That is most definitely not a waste of money and besides, who are you to question the CHP's policy and what they spend money on? Since you want to make fun of the cops doing a dangerous job and because you think you know so much, why don't you complete an application and become one of them. But for now, Macho and Truth Teller should reserve their comments until they actually know what they are talking about.


Posted by Get a life, a resident of Foothill Farms
on Dec 3, 2012 at 9:49 pm

You folks crack me up.
Esp, Macho and T.Teller.


Posted by mooseturd, a resident of Pleasanton Valley
on Dec 4, 2012 at 10:04 am

mooseturd is a registered user.

John, Wait a minute and calm down. Did you get a speeding ticket or something? We hire the CHP to make the decision as to chase or let em walk. They were doing their job, not abusing authority. It's not the fault of law enforcement that criminals cruise the mall parking lot. They've caught all these folks several times and the courts let em out as soon as they are well fed.


Posted by Good Neighbor, a resident of Birdland
on Dec 4, 2012 at 11:01 am

Thank you to the writers who pointed out that not all the facts have been reported and so it is unfair to make premature judgments.
Here's a fact you might not think about: the CHP is a body of highly trained officers who put their lives on the line every day and get very little thanks for doing their jobs. Safety is their ultimate goal when they take to the road and with pension reform legislation in place, today's officers will assuredly not be getting rich keeping the roads safe for you. And yet, the CHP academy is full of recruits who value your safety above their own.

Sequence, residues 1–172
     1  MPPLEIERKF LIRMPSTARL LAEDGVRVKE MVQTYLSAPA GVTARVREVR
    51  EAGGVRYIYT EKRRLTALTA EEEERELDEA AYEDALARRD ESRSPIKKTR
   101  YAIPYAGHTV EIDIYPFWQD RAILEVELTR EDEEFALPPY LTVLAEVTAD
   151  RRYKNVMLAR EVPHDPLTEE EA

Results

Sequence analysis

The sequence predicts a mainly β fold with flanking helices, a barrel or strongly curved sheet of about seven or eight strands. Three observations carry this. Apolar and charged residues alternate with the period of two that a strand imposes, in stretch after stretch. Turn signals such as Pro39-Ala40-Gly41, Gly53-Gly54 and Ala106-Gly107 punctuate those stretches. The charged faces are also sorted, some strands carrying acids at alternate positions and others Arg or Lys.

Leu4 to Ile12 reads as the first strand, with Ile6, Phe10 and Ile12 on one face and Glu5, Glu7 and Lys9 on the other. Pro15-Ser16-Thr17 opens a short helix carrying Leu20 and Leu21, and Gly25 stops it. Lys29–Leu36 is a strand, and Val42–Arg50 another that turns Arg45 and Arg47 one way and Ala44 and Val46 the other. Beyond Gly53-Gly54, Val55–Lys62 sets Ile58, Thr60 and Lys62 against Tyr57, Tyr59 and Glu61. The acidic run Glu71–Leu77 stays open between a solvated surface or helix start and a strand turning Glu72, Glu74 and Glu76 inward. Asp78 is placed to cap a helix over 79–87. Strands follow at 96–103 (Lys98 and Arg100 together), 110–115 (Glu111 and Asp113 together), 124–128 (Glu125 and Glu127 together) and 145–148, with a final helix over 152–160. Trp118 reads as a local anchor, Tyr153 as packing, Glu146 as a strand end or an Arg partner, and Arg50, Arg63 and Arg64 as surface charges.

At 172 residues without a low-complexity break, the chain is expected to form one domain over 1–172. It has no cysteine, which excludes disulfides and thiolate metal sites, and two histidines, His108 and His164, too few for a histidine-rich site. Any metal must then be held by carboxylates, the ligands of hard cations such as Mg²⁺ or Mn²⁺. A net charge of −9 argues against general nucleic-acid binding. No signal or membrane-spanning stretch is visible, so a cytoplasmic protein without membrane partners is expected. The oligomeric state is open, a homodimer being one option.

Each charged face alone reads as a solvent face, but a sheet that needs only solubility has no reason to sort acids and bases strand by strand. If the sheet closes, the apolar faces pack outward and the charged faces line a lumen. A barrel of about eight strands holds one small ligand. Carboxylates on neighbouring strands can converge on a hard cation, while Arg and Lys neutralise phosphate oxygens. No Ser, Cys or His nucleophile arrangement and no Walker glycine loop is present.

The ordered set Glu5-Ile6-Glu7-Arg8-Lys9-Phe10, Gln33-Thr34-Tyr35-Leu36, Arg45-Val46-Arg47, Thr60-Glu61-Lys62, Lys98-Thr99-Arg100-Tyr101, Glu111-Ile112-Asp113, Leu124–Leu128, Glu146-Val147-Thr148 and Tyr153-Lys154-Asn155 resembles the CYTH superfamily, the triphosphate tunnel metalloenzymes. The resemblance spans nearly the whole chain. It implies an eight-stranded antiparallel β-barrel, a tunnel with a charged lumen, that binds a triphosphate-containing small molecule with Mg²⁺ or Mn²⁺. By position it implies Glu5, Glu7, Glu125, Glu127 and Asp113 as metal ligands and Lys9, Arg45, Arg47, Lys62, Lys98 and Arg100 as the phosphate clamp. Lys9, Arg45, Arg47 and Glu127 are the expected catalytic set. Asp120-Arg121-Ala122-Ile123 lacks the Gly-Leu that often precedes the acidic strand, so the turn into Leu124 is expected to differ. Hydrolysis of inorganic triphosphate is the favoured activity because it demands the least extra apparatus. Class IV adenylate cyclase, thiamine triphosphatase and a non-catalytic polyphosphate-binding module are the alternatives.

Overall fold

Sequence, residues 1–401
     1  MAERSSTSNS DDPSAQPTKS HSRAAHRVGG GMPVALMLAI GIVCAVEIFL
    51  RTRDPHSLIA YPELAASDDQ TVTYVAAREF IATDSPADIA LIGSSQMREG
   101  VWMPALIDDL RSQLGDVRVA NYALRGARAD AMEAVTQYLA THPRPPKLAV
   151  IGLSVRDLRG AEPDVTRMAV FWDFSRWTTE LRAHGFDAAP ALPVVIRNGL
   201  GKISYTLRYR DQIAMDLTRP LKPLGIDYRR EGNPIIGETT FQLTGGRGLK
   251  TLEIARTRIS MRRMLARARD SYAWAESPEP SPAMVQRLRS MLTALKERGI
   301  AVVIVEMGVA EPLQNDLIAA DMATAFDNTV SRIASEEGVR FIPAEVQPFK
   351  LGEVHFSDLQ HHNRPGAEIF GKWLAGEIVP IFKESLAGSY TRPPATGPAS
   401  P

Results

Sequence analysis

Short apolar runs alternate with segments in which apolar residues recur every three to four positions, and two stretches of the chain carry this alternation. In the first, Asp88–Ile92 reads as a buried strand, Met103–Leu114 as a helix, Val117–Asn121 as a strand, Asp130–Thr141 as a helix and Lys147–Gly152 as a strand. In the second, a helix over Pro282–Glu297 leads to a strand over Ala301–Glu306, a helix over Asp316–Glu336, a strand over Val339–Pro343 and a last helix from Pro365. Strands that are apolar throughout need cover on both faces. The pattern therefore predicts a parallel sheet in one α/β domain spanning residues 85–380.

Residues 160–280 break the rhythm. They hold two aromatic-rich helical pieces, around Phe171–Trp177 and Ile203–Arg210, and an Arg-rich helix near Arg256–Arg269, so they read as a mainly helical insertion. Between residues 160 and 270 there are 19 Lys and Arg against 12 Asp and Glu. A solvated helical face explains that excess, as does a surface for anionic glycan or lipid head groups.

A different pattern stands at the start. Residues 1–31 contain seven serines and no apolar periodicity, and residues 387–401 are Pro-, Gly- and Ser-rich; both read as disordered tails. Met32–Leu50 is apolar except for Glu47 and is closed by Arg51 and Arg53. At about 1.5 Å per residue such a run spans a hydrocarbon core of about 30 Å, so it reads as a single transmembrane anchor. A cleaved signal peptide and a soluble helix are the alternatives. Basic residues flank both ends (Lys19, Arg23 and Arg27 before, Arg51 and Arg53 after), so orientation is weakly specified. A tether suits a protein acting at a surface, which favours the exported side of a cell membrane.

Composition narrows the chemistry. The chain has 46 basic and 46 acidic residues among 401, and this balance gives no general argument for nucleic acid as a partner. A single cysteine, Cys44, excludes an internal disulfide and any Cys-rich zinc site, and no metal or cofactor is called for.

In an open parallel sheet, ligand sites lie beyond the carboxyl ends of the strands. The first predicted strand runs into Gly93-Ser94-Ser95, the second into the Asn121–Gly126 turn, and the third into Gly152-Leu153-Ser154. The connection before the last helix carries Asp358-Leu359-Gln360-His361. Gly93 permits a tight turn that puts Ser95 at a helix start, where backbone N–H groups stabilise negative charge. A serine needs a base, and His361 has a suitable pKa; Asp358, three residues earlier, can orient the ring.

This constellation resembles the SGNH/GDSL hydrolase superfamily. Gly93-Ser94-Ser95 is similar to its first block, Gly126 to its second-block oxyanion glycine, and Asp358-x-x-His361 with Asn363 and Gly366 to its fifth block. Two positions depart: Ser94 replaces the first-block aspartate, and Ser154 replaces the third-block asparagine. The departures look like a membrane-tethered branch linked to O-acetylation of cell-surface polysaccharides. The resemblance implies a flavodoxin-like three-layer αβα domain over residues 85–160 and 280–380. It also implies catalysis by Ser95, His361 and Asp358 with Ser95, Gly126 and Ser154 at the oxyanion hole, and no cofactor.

Posted by Ben, a resident of Ruby Hill
on Dec 4, 2012 at 12:58 pm

Hey John,

Maybe your problem is you are calling CHP for something that is occuring at the mall. CHP is primarily responsible for the highway, hence the HP in the name. How about try calling the city police for where you are located? That just might do the trick.

And just a guess, you probably got a carpool ticket and are upset. Dont drive in the carpool lane without passengers and that wont happen!


Posted by Truth Teller, a resident of Stoneridge
on Dec 4, 2012 at 1:55 pm

The truth will come out. How many times have you seen two CHP in one car? I think there was hanky panky going on, big time. I bet there was another patrol car nearby, but the two wanted to be by themselves. Highly paid, highly pensioned, unionized, what are we paying for? Guns and tasers aren't enough? Now they need an extra passenger for back up. How sickening!


Posted by Good Neighbor, a resident of Birdland
on Dec 4, 2012 at 2:18 pm

Truth Teller - Your comments are filled with anything but the truth. CHP officers ride alone until 11 PM when, for safety purposes, they double up in patrol cars. And as for "highly paid," get real! These men and women have as hard a time supporting their families as the rest of us. Plus, most of us don't start our work day wondering if we are going to make it safely through our shift.


Posted by John, a resident of Danbury Park
on Dec 5, 2012 at 8:49 am

Sorry but a lot of erroneous comments in the post above.

"'WE' hire the CHP to make the decision as to chase or let em walk." I don't think so. Which hiring committee were you on?

"highly trained officers" Give... me... a... break! If they were highly trained they wouldn't be out flipping patrol cars on a Monday morning would they? So how much money and risk to life did this cost? Obviously they were not as highly trained as the suspect who managed to keep his car intact.